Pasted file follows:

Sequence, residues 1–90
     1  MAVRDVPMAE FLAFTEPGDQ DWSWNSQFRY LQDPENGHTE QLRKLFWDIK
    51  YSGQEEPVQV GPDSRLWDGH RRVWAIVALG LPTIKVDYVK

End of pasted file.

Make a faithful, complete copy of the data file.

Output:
Sequence, residues 1–90
     1  MAVRDVPMAE FLAFTEPGDQ DWSWNSQFRY LQDPENGHTE QLRKLFWDIK
    51  YSGQEEPVQV GPDSRLWDGH RRVWAIVALG LPTIKVDYVK